Name : Dhendup...

Age: Twenty Three...

Qualification: Class XI appeared....appeared occasionally....

Meet Dhendup. No one knew his real name in school. They knew him very well though. He was “Centre Shock” in school. With one full container of Gel gone into maintaining his spike like hairs, his name did send some message.
As a local guardian, I was called by the school Principal to discuss him. There was nothing to discuss. Dhendup had made up his mind to do something else than going to school. I called his family and let them know that the Principal had called me to discuss him. Dhendup’s family were my family friends and we were quite close. I had known Dhendup from the day he was born.
On the way to school I met my subject of discussion. He was with a group of friends drinking some coke in one of the shops near the school. Well, coke don’t make one squint. But his eyes were squint and talked no sense. There was no point talking to him. I was happy talking to a dog sitting close by. At least the dog seemed to understand what he was told. I just got a blank look from him. So I decided to go and see the Principal instead.
Mr. Principal had many things to say but I was not interested in hearing the stories. I wanted to know what he had decided for Dhendup. They had decided to expel him from school. Expel. How can they expel him when Dhendup hardly came to school at all? His certificate also said that he had appeared Class XI Arts. It should have been " Appeared occasionally." I guess he had appeared in the class occasionally before deciding to quit.
I came back to my office, got the certificate copied and sent the original to his family through post. I forgot about him. Although I felt sad that he was messing his own life, I couldn’t even make him listen to him and let alone do what I had to say. I hung the certificate on my office wall. I don’t know why I did that.
Three years later I got a call from a police officer asking me to come and bail Dhendup out. Bail him out! I wanted to sue the Police Officer for having called me in the very first place and let alone bail Dhendup out.I called the police officer and gave him Dhendup’s home number and told him to call his family. Three hours later I got a call from Dhendup’s mother. She sounded desperate. I felt sorry for her so I decided to go to prison and see what I could do. The police wanted to release him only if I guaranteed that he would not commit crime again. He had broken the windshields of a car and had landed himself in a gangfight. I would rather guarantee that there would be rain three days later than guaranteeing Dhendup would not get into trouble. When I refused to sign any papers, the police officer didn't know what to do but he didn’t insist on signing it. He advised me to send him for rehabilitation. That was a great idea. I talked to his family and they all agreed to help him. For three days that he stayed with me, he slept whole day and watched movies whole night. That was bearable so long he did not get into trouble. He left for home and I never saw him after that.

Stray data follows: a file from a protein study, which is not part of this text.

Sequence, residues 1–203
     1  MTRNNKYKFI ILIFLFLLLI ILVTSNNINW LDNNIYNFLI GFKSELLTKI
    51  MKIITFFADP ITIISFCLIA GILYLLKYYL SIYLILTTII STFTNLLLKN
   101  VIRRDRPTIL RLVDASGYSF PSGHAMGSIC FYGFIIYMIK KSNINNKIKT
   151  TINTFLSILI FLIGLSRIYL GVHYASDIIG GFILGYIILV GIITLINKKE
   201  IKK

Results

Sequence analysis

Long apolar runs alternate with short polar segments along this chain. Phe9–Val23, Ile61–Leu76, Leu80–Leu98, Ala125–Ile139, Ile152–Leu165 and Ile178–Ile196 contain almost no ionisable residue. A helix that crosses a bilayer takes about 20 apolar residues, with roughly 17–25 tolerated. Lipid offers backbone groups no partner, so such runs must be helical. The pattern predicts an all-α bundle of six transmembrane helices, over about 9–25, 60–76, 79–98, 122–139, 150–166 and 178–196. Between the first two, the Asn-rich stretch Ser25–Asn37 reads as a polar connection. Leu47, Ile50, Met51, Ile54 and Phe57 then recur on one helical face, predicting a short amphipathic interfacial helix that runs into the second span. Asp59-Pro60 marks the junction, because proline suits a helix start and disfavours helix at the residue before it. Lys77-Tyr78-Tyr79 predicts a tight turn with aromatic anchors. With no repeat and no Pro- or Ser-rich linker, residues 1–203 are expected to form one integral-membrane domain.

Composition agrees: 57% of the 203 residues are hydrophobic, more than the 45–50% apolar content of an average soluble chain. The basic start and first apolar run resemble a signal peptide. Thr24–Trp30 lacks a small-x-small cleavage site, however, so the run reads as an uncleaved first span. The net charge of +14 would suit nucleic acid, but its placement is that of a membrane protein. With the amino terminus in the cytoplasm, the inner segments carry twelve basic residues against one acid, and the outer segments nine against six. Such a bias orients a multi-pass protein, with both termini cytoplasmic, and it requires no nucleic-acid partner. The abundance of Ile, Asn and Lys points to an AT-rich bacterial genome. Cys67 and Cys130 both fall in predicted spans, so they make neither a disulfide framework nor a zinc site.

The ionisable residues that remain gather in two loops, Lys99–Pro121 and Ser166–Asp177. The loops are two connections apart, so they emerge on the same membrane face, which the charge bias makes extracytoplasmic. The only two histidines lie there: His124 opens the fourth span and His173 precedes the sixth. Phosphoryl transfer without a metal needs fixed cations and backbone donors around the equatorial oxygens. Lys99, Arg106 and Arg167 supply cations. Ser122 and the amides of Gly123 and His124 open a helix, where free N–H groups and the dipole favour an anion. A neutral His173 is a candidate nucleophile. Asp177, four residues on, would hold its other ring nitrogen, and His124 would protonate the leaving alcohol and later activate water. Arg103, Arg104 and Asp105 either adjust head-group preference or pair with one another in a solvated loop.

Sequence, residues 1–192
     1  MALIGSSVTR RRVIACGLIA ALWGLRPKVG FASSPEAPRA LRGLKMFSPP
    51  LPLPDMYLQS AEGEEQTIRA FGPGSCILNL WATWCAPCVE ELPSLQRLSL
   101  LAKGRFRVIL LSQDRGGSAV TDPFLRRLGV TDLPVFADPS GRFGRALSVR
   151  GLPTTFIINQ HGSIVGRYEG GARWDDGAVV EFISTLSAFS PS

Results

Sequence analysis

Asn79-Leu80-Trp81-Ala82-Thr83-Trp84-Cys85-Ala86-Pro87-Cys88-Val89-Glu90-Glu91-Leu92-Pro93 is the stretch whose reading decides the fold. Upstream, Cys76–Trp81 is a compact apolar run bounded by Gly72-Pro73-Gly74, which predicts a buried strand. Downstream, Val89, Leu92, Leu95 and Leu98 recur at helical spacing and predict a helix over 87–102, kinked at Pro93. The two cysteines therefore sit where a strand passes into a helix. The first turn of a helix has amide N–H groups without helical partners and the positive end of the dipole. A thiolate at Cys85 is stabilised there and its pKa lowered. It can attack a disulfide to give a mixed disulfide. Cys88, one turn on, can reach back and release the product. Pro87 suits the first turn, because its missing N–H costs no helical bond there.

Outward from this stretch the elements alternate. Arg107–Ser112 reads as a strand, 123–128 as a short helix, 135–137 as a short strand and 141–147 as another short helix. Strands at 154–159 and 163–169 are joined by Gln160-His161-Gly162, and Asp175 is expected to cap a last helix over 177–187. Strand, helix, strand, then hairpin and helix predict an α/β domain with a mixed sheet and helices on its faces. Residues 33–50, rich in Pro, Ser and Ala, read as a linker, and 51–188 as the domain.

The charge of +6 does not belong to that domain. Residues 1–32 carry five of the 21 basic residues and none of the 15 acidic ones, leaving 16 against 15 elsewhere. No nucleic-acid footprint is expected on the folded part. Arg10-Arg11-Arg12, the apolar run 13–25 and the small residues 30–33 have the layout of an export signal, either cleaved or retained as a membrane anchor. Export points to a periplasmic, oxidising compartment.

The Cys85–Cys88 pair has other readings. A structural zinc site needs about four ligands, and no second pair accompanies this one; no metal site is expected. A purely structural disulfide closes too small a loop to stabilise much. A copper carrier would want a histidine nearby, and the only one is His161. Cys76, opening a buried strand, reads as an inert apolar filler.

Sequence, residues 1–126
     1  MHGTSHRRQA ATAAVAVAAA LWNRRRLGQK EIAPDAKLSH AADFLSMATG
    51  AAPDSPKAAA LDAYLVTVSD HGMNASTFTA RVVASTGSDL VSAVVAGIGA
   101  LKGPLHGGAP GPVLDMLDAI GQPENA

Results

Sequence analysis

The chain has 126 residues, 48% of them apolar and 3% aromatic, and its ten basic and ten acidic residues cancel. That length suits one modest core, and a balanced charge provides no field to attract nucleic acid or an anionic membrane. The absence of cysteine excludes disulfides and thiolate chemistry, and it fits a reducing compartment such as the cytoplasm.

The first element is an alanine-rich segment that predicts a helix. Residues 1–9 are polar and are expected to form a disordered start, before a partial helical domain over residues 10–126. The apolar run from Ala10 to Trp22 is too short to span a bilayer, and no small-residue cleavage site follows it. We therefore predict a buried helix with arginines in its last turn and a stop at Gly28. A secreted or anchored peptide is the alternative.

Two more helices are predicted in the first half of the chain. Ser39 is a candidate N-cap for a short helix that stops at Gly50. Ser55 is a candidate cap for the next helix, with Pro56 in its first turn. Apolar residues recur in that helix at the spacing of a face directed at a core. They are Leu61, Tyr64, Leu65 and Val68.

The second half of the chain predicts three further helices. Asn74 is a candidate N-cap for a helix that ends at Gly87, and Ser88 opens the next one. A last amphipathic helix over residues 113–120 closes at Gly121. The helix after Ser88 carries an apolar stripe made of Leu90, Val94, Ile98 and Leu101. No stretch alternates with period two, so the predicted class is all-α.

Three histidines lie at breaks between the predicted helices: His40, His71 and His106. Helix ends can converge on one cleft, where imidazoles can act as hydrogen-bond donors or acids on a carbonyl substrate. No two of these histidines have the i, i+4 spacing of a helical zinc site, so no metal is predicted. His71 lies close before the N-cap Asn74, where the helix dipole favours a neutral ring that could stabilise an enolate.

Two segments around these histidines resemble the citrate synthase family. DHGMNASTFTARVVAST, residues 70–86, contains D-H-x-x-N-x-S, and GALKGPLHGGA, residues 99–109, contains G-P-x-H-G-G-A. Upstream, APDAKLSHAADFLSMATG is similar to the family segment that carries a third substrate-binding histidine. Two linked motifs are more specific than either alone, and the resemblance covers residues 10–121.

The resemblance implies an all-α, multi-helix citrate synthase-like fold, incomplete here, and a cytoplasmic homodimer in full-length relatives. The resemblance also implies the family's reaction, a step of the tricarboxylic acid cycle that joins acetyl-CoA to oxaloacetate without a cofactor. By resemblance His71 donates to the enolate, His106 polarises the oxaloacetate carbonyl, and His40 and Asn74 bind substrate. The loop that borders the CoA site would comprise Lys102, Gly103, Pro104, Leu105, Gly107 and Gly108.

Some two years later. I read that a man had died of overdose outside his hotel room in Phuntsholing. Police had found a body inside the drain. There was no name mentioned in the newspaper. Later I found from my family that it was Dhendup whom they had covered in the newspaper. What a poor way to live and die!!!
I often feel cold when I hear of such deaths. I feel bad that they should live a terrible life and die miserable death but the truth is that there are many young people dying everyday of drugs overdose in Bhutan. I don't even know if they deserved to be wept for. Probably they never deserve the tears.


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